3 Post-Birth Interventions to Know About BEFORE You Go Into Labor

Updated: Jul 13

When I first started attending births as a doula, I spent a lot of time preparing my clients for the mental and physical aspects of labor. We talked about comfort measures, preparing their mindsets, and when to go to the hospital.

Then they would birth their baby, and 5 minutes later their OB or midwife would say something like, "ready for a shot of Pitocin?"

My clients were wide-eyed and overwhelmed. Here they are, trying to enjoy their Golden Hour with baby, and it's being interrupted by decision making. They weren't in the right headspace to be learning about the pros and cons of 3rd-stage Pitocin while trying to latch a baby for the first time.

Lessons learned...

Now, when I meet with clients I always make sure they know about these 3 post-birth interventions. I encourage them to decide if they want them BEFORE they go into labor.

All 3 of these interventions are standard in hospital births, and available at birth centers and home births, but might not be right for you. Research them in advance and write your preferences down on your birth plan, so your whole team knows if you'll be using these interventions or not.

1. 3rd-stage Pitocin

The 3rd stage of labor is the birth of the placenta (after baby is born). When the placenta detaches from the uterine wall, it leaves an internal wound. This is why you bleed vaginally postpartum, even if you have a c-section.

During this time, it's standard to give a single dose of Pitocin, to encourage uterine contractions. Pitocin is a synthetic (man-made) form of the natural hormone Oxytocin. It has pros and cons when compared to Oxytocin, but is generally effective at helping the uterus contract. The goal is to help the uterus contract quickly, to minimize postpartum bleeding and risk of postpartum hemorrhage.

3rd-stage Pitocin can be administered through an IV, or through a shot. If you're already using Pitocin during your labor, your team will continue running it through the 3rd stage, so this won't be a decision you'll have to make.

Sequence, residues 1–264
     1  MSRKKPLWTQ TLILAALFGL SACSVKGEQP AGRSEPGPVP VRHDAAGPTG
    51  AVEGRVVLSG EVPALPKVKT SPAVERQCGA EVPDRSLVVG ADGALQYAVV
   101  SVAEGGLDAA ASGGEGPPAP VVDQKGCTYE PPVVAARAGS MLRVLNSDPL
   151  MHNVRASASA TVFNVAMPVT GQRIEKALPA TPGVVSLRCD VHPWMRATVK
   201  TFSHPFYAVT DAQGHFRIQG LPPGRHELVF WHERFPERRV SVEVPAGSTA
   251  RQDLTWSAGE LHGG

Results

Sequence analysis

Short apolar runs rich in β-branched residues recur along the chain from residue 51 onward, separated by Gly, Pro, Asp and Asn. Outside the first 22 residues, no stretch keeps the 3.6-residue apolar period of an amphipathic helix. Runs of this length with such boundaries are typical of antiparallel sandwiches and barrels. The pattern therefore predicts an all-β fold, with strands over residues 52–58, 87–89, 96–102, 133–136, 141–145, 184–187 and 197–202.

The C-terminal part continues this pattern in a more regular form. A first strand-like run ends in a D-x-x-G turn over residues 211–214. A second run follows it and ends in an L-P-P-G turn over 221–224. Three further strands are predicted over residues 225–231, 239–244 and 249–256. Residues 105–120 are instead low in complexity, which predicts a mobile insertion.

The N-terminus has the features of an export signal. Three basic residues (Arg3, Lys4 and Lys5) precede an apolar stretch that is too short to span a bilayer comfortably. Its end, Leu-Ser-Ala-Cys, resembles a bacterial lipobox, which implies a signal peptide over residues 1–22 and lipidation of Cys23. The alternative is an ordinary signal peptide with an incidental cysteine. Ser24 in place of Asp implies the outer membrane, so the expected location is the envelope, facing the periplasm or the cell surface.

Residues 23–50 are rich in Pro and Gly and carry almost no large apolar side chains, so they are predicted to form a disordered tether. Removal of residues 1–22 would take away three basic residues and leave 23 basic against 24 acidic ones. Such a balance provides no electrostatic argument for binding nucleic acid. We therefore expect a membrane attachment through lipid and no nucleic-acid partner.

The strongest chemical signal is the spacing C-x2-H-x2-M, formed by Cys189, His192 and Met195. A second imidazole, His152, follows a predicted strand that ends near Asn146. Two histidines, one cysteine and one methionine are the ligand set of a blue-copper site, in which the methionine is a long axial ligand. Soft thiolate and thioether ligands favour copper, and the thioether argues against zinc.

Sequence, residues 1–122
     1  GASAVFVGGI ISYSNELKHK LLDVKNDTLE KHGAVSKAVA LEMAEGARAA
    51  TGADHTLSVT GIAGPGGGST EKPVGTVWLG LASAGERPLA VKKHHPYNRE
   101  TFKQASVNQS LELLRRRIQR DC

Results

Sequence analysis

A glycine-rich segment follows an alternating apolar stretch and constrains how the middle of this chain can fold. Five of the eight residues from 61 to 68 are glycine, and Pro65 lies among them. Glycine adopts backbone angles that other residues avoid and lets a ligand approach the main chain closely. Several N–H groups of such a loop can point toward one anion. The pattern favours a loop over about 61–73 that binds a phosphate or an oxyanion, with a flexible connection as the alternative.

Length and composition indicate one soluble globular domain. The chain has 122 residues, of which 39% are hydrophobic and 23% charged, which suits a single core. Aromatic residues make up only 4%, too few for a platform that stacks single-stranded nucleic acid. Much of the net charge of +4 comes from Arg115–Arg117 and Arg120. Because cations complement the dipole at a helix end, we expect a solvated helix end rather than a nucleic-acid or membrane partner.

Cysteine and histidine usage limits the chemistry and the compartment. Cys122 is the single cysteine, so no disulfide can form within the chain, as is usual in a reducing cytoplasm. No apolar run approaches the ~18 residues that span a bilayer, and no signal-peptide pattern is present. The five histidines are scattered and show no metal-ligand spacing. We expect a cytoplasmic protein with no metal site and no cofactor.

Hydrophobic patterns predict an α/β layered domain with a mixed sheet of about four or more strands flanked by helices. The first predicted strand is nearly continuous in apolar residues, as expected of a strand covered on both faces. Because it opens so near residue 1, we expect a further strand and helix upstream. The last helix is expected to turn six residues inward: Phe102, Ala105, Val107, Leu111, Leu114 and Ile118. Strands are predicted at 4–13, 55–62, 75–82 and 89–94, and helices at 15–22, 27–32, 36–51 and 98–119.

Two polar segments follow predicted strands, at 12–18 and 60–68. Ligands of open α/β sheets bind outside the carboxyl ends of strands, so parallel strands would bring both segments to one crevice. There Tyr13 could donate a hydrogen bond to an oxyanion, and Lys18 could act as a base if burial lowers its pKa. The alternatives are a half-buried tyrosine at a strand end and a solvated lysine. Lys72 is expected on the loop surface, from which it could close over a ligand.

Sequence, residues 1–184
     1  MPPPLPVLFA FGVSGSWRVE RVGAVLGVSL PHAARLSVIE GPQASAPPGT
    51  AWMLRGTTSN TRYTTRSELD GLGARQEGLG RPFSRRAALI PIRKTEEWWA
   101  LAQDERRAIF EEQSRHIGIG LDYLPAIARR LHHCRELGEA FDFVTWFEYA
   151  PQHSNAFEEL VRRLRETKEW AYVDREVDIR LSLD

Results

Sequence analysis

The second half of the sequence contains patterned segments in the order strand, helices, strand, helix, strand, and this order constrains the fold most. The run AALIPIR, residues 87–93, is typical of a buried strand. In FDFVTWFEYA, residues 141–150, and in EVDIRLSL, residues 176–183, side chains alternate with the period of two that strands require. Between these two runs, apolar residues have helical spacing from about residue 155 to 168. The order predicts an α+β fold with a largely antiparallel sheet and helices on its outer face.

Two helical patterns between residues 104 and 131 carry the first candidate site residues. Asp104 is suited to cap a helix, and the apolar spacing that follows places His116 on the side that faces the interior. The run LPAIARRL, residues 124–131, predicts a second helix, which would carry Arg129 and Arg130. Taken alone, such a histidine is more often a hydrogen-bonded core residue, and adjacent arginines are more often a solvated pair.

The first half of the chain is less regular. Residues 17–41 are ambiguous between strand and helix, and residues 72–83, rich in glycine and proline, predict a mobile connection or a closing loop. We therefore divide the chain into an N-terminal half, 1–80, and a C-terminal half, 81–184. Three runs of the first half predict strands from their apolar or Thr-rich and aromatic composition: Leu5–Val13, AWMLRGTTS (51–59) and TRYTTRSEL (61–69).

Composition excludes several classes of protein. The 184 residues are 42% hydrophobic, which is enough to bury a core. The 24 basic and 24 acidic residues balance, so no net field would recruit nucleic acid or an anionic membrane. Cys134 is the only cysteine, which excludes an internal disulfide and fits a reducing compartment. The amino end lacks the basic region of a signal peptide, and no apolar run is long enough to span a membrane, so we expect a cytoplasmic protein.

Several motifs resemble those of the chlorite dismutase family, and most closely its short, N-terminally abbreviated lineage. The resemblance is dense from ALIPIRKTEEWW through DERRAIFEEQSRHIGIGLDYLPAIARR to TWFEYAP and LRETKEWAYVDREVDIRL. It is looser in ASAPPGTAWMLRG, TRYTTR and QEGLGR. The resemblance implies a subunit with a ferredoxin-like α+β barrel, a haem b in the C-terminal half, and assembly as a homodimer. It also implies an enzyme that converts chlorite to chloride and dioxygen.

The alternative to 3rd-stage Pitocin is to let your body contract on it's own. Some people also decide to "wait and see", meaning they initially decline 3rd-stage Pitocin, but are open to it if their care provider feels they're bleeding excessively.

Learn more about the pros and cons here: Evidence on Pitocin During the Third Stage of Labor.

2. Eye Ointment for Baby

AKA Erythromycin. This eye ointment is an antibiotic that is standardly rubbed over baby's eyes in the first 24 hours post birth (usually in the first hour or two).

It's used to proactively prevent possible infection from bacteria and viruses in the birth canal (most commonly: chlamydia and gonorrhea). It is possible for babies to be infected during a c-section, but the actual risk is unknown because it's so rare, given c-section babies don't go through the birth canal. This rare infection can lead to blindness in infants.

Many US states have laws requiring eye ointment for babies, but Minnesota's law allows for parental objection. This means that your care provider will give baby the eye ointment unless you tell them not to, regardless of whether or not they believe it is medically necessary in your particular case.

Learn more about the pros and cons here: Evidence on Erythromycin Eye Ointment for Newborns.

3. Vitamin K for Baby

Babies are born deficient in Vitamin K, which is needed for blood clotting. This puts them at higher risk of (rare) internal bleeding.

To combat this, babies are standardly given a single shot of Vitamin K soon after birth. Alternatively, they may be given oral Vitamin K, which is available in a 3-dose series. The oral Vitamin K has been shown to be slightly less effective, but is more common in Europe. It can be hard to get the oral dose in a hospital, but here in the Twin Cities, many of the birth centers sell it.

Note: Vitamin K has recently been swept up with the anti-vaxx movement on mommy blogs, but it is not a vaccine. Learn more about the pros and cons here: Evidence on The Vitamin K Shot in Newborns.


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